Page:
- Video report by ITV News Arts Editor Nina Nannar
Although it is set in the 1970s, Steven Spielberg's new film 'The Post' grapples with themes that could not be more relevant today - press freedom, trust in government and sexism in the work place.
The story at the heart of the film is The Washington Post's decision in 1971 to publish the 'Pentagon Papers', secret government documents that revealed that the true extent of the US war in Vietnam was far greater than the government had publically acknowledged.
The decision to publish brought the paper into conflict with the administration of President Richard Nixon, and brought to prominence America's first female newspaper publisher, Kay Graham, played in the film by Meryl Streep.
Speaking to ITV News Arts Editor Nina Nannar, Streep and her co-star Tom Hanks stressed the relevance of the film at a time when the mainstream media is frequently attacked by the US president as promoting "fake news".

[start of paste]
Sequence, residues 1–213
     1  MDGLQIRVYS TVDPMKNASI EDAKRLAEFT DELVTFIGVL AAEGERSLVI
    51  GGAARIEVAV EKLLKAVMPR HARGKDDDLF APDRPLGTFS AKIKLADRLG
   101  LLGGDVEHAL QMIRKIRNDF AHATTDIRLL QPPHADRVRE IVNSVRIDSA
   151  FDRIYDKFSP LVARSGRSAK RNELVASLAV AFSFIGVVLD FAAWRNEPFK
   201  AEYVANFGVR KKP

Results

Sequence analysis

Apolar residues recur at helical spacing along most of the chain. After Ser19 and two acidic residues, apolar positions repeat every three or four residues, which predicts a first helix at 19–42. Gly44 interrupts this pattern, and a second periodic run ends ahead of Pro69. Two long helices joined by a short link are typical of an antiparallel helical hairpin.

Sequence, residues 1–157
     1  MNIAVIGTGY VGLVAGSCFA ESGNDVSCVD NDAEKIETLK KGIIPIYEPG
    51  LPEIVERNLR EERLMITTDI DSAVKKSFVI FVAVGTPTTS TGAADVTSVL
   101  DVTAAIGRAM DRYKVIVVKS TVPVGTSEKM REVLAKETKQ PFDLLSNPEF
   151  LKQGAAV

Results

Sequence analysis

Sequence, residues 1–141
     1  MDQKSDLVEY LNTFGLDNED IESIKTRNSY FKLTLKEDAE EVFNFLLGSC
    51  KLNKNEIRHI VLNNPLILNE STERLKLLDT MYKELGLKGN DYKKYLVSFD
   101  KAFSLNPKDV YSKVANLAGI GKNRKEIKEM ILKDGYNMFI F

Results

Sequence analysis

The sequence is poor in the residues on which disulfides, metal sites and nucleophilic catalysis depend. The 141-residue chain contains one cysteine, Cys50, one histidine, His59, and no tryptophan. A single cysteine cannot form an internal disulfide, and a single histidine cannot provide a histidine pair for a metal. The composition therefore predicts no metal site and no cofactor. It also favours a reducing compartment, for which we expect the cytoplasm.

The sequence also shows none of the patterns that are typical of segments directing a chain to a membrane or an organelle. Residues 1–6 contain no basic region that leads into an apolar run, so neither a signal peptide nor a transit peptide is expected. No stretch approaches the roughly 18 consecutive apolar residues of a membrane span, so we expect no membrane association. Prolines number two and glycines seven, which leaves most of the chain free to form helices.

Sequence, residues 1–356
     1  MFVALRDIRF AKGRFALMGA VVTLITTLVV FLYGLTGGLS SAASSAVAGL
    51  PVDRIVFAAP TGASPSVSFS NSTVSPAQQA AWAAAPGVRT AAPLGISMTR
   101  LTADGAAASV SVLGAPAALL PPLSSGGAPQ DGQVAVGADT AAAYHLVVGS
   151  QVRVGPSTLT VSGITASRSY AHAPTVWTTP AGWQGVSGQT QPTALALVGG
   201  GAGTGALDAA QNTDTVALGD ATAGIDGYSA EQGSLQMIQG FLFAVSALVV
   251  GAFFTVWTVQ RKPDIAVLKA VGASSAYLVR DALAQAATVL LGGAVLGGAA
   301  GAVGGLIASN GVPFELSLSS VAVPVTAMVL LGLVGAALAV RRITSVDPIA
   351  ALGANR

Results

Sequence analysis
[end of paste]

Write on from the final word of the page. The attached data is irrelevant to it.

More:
"It's an attempt to de-legitimise the news organisations themselves and take away all their credibility," said Streep. "And that is a danger."
In the interview, Streep also spoke about questions she has faced over what she knew about Harvey Weinstein, the disgraced movie mogul facing accusations of sexual harassment, and - at a time when the gender pay gap is in the news - whether the two stars were paid the same.
"I actually don't know," said Streep, but jokingly indicated she thought she had probably been paid more than her colleague.
- Watch the full interview with ITV News Arts Editor Nina Nannar on YouTube: